West Indies cricket team

The West Indies cricket team, nicknamed the Windies, is a multi-national men's cricket team representing the English-speaking nations and territories in the Caribbean region and administered by Cricket West Indies. The players on this composite team are selected from a chain of fifteen Caribbean territories, which are parts of several different countries and dependencies; as of 29 December 2019, the West Indies cricket team is ranked eighth in the world in Tests, ninth in One-Day Internationals and tenth in Twenty20 Internationals in the official International Cricket Council rankings. From the mid-late 1970s to the early 1990s, the West Indies team was the strongest in the world in both Test and One Day International cricket. A number of cricketers who were considered among the best in the world have hailed from the West Indies: Sir Garfield Sobers, Lance Gibbs, George Headley, Brian Lara, Clive Lloyd, Malcolm Marshall, Alvin Kalicharan, Sir Andy Roberts, Rohan Kanhai, Sir Frank Worrell, Sir Clyde Walcott, Sir Everton Weekes, Sir Curtly Ambrose, Michael Holding, Courtney Walsh, Joel Garner, Sir Viv Richards and Sir Wes Hall have all been inducted into the ICC Hall of Fame.

The West Indies have won the ICC Cricket World Cup twice, the ICC World Twenty20 twice, the ICC Champions Trophy once, the ICC Under 19 Cricket World Cup once, have finished as runners-up in the Cricket World Cup, the Under 19 Cricket World Cup, the ICC Champions Trophy. The West Indies appeared in three consecutive World Cup finals, were the first team to win back-to-back World Cups; the West Indies has hosted the 2007 Cricket World Cup and the 2010 ICC World Twenty20. In June 2019, during the 2019 Cricket World Cup, the West Indies played their 800th ODI match; the current side represents: Sovereign states Antigua and BarbudaL Barbados DominicaW GrenadaW Guyana Jamaica Saint LuciaW Saint Vincent and the GrenadinesW Trinidad and Tobago Parts of Saint Kitts and Nevis Saint KittsL NevisL British Overseas Territories AnguillaL MontserratL British Virgin IslandsL Constituent country of the Kingdom of the Netherlands Sint MaartenL Territory of the United States US Virgin IslandsLLegends L = Participant of the Leeward Islands team and member of the Leeward Islands Cricket Association W = Participant of the Windward Islands team and member of the Windward Islands Cricket Board of ControlNotes Cricket West Indies, the governing body of the team, consists of the six cricket associations of Barbados, Jamaica and Tobago, Leeward Islands and Windward Islands.

The Leeward Islands Cricket Association consists of associations of one sovereign state, the two entities of Saint Kitts and Nevis, three British Overseas Territories and two other dependencies. The Windward Islands Cricket Board of Control consists of associations of four sovereign states. Cayman Islands and Turks and Caicos Islands, other historical parts of the former West Indies Federation and now British Overseas Territories, have their own teams. National teams exist for the various islands, which, as they are all separate countries much keep their local identities and support their local favourites; these national teams take part in the Carib Beer Cup. It is common for other international teams to play the island teams for warm-up games before they take on the combined West Indies team; the population of these countries and dependencies is estimated at around 6 million, more than Scotland and the Republic of Ireland. The member associations of Cricket West Indies are: Barbados Cricket Association Guyana Cricket Board Jamaica Cricket Association Trinidad & Tobago Cricket Board Leeward Islands Cricket Association.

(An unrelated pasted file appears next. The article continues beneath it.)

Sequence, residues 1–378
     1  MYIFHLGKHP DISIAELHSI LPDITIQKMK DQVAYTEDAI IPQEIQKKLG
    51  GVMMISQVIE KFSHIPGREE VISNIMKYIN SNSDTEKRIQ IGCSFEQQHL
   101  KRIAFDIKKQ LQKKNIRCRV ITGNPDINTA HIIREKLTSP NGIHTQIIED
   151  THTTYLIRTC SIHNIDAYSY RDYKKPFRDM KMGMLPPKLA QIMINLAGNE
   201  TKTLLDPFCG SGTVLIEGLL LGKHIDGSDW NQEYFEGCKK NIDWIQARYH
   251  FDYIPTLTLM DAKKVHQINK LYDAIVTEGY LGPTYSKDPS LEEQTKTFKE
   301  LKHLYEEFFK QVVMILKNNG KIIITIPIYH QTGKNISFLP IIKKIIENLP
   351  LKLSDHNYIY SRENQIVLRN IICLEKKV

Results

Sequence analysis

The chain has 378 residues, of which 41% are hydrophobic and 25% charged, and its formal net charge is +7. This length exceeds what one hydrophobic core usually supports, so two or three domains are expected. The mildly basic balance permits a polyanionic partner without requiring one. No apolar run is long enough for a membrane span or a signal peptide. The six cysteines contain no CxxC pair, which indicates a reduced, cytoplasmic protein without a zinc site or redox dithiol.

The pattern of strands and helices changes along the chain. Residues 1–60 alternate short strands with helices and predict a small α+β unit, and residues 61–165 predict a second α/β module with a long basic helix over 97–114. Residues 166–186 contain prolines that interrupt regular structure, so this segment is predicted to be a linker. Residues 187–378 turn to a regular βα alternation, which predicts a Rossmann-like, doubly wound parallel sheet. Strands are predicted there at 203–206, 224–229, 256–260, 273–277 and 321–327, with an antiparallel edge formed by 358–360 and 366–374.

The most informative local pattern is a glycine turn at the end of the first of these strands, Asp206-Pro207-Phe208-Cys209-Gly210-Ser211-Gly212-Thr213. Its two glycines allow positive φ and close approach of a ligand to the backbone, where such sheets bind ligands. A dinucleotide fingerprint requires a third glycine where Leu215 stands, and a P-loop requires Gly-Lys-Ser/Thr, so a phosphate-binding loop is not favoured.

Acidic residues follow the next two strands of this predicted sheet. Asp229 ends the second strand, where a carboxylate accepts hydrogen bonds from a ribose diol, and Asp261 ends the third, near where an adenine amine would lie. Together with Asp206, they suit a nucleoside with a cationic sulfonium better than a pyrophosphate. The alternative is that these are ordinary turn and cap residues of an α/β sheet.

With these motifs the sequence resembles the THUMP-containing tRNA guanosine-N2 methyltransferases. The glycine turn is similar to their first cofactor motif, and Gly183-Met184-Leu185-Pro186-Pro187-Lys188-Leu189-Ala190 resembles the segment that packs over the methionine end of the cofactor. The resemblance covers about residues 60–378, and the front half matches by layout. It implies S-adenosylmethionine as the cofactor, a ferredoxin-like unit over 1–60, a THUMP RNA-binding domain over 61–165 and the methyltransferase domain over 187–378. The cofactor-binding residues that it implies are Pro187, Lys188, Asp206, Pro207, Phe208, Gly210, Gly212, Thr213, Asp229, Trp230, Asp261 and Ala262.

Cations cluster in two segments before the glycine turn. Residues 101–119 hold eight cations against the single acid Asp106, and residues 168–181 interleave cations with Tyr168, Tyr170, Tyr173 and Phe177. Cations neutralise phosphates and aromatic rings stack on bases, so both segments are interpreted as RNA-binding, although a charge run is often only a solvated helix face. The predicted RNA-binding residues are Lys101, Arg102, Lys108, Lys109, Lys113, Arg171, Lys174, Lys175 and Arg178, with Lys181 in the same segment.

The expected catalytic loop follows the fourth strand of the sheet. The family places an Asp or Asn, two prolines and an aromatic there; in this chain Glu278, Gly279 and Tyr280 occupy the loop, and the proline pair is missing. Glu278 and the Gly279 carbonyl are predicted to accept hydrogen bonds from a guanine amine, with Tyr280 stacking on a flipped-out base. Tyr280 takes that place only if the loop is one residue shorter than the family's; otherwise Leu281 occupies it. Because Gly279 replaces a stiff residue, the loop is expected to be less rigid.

The WICB joined the sport's international ruling body, the Imperial Cricket Conference, in 1926, played their first official international match, granted Test status, in 1928, thus becoming the fourth Test'nation'. In their early days in the 1930s, the side represented the British colonies that would form the West Indies Federation plus British Guiana; the last series the West Indies played before the outbreak of the Second World War was against England in 1939. There followed a hiatus. Of the West Indies players in that first match after the war only Gerry Gomez, George Headley, Jeffrey Stollmeyer, Foffie Williams had previo

1959 Norwegian Football Cup

The 1959 Norwegian Football Cup was the 54th season of the Norwegian annual knockout football tournament. The tournament was open for all members of NFF, except those from Northern Norway. Skeid was the defending champions, but was eliminated by the second tier team Nessegutten in the fourth round; the final was played at Ullevaal Stadion in Oslo on 25 October 1959, was contested by Viking, which had won the cup once in 1953, Sandefjord who played their second cup final, having lost the final in 1957. Viking won 2-1 after extra time against Sandefjord in the final, secured their second title. August 9: Selbak - Sandefjord 0-0 Fredrikstad - Nessegutten 1-3 Sandaker - Årstad 3-0 Skeid - Steinkjer 7-2 Lillestrøm - Kvik 5-2 Kapp - Lyn 3-2 Eik - Gjøvik/Lyn 1-4 Larvik Turn - Fremad 5-0 Pors - Strømmen 2-1 Start - Frigg 0-1 Bryne - Odd 3-3 Jarl - Brann 2-5 Djerv - Viking 0-2 Hødd - Greåker 1-3 Kristiansund - Asker 0-1 Rosenborg - Raufoss 1-0Rematch August 12: Sandefjord - Selbak 2-1 Odd - Bryne 5-0 August 30: Greåker - Rosenborg 1-0 Frigg - Lillestrøm 3-2 Asker - Larvik Turn 0-3 Gjøvik/Lyn - Sandefjord 0-1 Odd - Kapp 3–0 Viking - Pors 1-0 Brann - Sandaker 2-2 Nessegutten - Skeid 1-0Rematch Sandaker - Brann 0-2 September 20: Viking - Nessegutten 1-1 Brann - Greåker 0-3 Sandefjord - Larvik Turn 3-1 Odd - Frigg 2-1Rematch September 27: Nessegutten - Viking 0-4 October 4: Viking - Odd 4-0 Greåker - Sandefjord 0-2 1958–59 Norwegian Main League 1959 in Norwegian football "Norwegian cup 1959".